N.M. town fights to keep Nativity




BELEN, N.M. — For nearly a quarter of a century, a year-round Nativity scene made of metal has rested in the little town of Belen, N.M.

Now Belen — Spanish for Bethlehem — is fighting to keep the Nativity scene on city property, and officials may even sell the land to a private owner to preserve the iconic art.

The Wisconsin-based Freedom From Religion Foundation wants Belen to remove the images and is threatening legal action if it’s not removed from public land.

“The position of the city is that the Nativity scene will stay right where it is. Period,” Belen Mayor Jerah Cordova told The Associated Press. “I know within the city itself almost everyone supports the Nativity scene.”

Still, Cordova said the city has weighed options like selling the property to moving it to another location.

Cordova said those who oppose the Nativity scene are “outsiders” who don’t understand the history and culture of New Mexico — a former Spanish territory with deep Hispanic and spiritual Catholic ties.

Annie Laurie Gaylor, co-president of the Freedom From Religion Foundation, said Belen is violating the U.S. Constitution by having the religious art on city property and the city is discriminating against nonbelievers who likely won’t speak out.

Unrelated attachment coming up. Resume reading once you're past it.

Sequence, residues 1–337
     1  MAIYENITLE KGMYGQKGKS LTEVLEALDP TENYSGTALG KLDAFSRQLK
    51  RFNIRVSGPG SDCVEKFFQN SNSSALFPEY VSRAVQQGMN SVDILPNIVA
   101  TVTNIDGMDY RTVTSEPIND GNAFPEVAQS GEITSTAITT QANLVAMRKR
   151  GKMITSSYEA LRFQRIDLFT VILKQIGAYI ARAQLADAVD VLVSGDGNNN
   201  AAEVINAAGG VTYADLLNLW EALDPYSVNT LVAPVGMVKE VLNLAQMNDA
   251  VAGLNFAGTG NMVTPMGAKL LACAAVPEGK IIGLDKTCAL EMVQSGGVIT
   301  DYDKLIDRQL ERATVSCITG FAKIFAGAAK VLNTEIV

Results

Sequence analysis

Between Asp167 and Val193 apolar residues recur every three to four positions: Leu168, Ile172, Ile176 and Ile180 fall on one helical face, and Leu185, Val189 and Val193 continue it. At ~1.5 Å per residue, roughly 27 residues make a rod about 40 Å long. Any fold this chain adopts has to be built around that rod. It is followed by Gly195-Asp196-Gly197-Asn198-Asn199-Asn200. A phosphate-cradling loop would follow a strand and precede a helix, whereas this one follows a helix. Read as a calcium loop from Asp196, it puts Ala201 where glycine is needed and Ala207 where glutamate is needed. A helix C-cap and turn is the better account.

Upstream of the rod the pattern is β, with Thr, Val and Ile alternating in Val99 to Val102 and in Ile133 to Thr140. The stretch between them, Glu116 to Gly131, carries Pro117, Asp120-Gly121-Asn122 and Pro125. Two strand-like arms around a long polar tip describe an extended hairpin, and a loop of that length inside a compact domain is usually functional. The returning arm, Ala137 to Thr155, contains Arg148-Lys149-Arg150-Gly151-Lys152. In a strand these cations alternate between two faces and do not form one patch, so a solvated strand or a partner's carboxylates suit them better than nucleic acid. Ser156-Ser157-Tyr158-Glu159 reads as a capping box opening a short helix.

“It’s absurd to say because the town’s name is Belen they should be allowed to have a Nativity scene,” Gaylor said. “There a Mecca, Calif. So what?”

She says if Belen puts the property up for sale, her foundation will make sure the city follows state bidding law. The foundation may even bid on the property and would replace the art with a monument to nonbelievers, Gaylor said.

The artwork honors a late artist who used to erect a Nativity scene on the site each year.

There are no religious references next to it, no mention of Jesus. The recognizable image of a baby in a manger surrounded by a mother, father and animals lets viewers know it’s a Nativity scene. Above it are the words: Bethlehem Belen.

Andrew Chesnut, the Bishop Walter F. Sullivan chair in Catholic Studies at Virginia Commonwealth University, said the Freedom From Religion Foundation is part of a movement of mainly atheists and agnostics that challenges purported violations of the separation of church and state.

The town of 7,000 people is nearly 70 percent Latino and is one of many New Mexico municipalities with Catholic and Christian images on public lands, largely due to their historic significance. Las Cruces, N.M., for example, is Spanish for “The Crosses” and contains three crosses on its city seal. A federal judge dismissed a lawsuit challenging the seal 10 years ago.